"I'm always looking for the most scenic and safest routes possible," Russell said.
Russell had a biking partner recently when he joined Fiorentini on a morning ride down Main Street to City Hall. Russell said the mayor encourages residents to ride their bikes.
"The goal is to make Haverhill more bicycle friendly, more comfortable and safer," said Russell, who doesn't just advocate bicycle safety, but instead lives it.
"I won't let anyone ride along with me unless they are wearing a helmet," he said.
Pillsbury said he travels the bike lanes on Water Street when riding his bicycle to and from his job at City Hall. He said replicating these lanes on other streets will take research and planning.
"As we do repaving of roads, we want to try to incorporate bike striping in the line-striping work and when we have the opportunity to connect them up, we try to do that as well," Pillsbury said. "We will look at the list of streets that will be paved this summer, but it doesn't make sense to put a bike lane on every street. A lot of streets don't have adequate width, especially where you have vehicles parked. Water Street was perfect as there is no parking. Most roads in Haverhill are not that wide."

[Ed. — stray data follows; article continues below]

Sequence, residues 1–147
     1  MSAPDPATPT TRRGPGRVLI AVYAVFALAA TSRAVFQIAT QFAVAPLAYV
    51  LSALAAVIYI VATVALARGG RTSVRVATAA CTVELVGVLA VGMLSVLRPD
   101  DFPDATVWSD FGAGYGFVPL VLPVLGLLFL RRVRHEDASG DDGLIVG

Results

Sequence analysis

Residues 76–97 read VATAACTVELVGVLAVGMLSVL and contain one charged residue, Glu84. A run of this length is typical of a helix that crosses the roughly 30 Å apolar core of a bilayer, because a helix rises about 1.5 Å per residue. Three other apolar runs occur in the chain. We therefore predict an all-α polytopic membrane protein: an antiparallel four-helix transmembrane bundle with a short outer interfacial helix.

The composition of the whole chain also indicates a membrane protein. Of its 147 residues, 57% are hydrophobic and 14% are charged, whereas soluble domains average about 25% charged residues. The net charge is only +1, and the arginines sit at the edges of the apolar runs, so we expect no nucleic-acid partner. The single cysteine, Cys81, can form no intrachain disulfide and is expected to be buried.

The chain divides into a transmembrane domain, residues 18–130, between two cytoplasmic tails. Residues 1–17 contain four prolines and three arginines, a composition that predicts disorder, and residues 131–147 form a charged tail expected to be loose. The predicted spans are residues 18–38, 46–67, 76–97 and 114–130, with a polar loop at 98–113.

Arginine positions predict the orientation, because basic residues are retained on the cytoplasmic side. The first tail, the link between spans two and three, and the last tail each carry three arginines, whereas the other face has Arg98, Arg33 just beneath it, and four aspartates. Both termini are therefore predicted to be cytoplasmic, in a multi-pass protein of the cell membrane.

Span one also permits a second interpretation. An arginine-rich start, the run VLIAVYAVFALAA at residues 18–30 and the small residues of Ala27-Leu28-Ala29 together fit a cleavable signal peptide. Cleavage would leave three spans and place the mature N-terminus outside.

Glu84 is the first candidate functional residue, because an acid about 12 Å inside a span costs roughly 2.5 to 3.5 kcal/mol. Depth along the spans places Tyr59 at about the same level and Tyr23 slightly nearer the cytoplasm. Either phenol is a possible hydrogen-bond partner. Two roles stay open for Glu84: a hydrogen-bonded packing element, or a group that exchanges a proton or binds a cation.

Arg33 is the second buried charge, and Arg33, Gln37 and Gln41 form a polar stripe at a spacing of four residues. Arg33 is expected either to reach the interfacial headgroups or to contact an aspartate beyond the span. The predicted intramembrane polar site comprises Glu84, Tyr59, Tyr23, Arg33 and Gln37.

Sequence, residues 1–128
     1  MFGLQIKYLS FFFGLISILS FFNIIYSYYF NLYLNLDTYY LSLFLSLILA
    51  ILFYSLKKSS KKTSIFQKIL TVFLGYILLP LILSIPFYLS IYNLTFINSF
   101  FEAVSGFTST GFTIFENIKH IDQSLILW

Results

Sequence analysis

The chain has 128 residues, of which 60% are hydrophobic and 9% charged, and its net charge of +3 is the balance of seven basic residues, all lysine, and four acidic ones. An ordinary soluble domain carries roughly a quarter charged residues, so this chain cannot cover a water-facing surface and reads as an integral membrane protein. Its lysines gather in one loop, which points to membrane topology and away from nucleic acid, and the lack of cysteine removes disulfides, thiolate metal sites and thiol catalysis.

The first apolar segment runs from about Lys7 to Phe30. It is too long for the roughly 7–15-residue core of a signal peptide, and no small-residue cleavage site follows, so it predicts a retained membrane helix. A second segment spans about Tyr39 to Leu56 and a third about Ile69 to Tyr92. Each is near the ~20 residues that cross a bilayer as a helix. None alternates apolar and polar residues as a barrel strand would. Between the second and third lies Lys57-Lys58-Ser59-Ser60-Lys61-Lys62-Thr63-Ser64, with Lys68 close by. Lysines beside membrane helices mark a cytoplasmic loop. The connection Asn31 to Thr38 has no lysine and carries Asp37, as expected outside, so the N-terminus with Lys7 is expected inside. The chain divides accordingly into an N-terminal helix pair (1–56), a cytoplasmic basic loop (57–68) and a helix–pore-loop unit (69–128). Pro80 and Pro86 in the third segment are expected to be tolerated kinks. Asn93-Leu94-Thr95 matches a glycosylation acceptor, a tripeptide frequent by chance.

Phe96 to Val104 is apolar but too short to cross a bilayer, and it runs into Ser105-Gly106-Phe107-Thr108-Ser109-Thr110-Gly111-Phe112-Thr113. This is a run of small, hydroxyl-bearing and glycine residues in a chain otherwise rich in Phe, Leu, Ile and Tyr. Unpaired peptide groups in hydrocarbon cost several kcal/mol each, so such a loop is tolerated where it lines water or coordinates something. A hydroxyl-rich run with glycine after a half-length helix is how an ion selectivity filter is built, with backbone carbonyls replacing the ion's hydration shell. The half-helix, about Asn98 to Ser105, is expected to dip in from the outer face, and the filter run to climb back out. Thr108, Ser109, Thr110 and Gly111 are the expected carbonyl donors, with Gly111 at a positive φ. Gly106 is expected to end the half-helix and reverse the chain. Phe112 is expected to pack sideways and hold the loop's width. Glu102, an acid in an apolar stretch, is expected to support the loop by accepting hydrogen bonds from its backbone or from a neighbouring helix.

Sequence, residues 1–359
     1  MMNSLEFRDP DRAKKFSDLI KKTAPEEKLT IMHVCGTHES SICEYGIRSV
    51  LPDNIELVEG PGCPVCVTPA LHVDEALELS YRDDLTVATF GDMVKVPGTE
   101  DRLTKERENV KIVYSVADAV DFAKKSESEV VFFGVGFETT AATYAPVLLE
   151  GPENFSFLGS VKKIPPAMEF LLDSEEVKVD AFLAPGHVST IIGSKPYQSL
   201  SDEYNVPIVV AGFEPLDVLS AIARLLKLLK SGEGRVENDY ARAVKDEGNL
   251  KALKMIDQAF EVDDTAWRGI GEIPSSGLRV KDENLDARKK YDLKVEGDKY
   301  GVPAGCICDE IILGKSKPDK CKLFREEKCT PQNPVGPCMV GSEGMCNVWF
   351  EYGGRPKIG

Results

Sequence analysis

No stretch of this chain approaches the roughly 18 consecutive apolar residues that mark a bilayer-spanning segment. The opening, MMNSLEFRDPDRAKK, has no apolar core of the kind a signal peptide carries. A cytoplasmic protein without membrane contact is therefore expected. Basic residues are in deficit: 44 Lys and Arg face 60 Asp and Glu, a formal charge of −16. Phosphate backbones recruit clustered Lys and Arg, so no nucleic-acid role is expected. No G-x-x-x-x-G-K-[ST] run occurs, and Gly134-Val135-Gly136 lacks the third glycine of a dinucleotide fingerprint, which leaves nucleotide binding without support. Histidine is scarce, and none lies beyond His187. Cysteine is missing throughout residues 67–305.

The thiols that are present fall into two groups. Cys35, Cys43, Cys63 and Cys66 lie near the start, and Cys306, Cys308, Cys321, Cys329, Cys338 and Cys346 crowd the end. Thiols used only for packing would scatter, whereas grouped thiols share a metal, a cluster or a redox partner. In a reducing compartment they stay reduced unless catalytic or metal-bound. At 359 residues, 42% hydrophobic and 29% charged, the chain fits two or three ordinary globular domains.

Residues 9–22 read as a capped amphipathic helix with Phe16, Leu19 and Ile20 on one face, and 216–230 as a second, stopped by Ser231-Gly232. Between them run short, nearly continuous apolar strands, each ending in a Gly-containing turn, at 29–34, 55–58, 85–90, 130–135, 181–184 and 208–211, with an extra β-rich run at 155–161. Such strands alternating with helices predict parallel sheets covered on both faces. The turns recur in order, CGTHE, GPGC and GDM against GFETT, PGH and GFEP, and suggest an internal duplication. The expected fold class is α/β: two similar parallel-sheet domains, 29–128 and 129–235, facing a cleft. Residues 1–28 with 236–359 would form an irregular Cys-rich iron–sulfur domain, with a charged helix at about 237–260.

Where bike lanes may not be feasible, more signage might be an option.
"We'd like to expand our 'Share the Road' signage program and maybe look for a state grant or Chapter 90 money for that as there is a lot of movement towards bike friendly communities," Pillsbury said. "Like Boston, we're trying to get drivers to understand that bikes are out there and they have rights. It's a matter of safety on both sides."
Hoping to contribute to a safer environment for cyclists, Russell recently came up with a list of storm grates that are oriented in way he says pose a danger to bicyclists. He said the 40 or so grates on his list are a fraction of the hundreds of grates that exist throughout the city and that he plans to give his list to Public Works Director Mike Stankovich.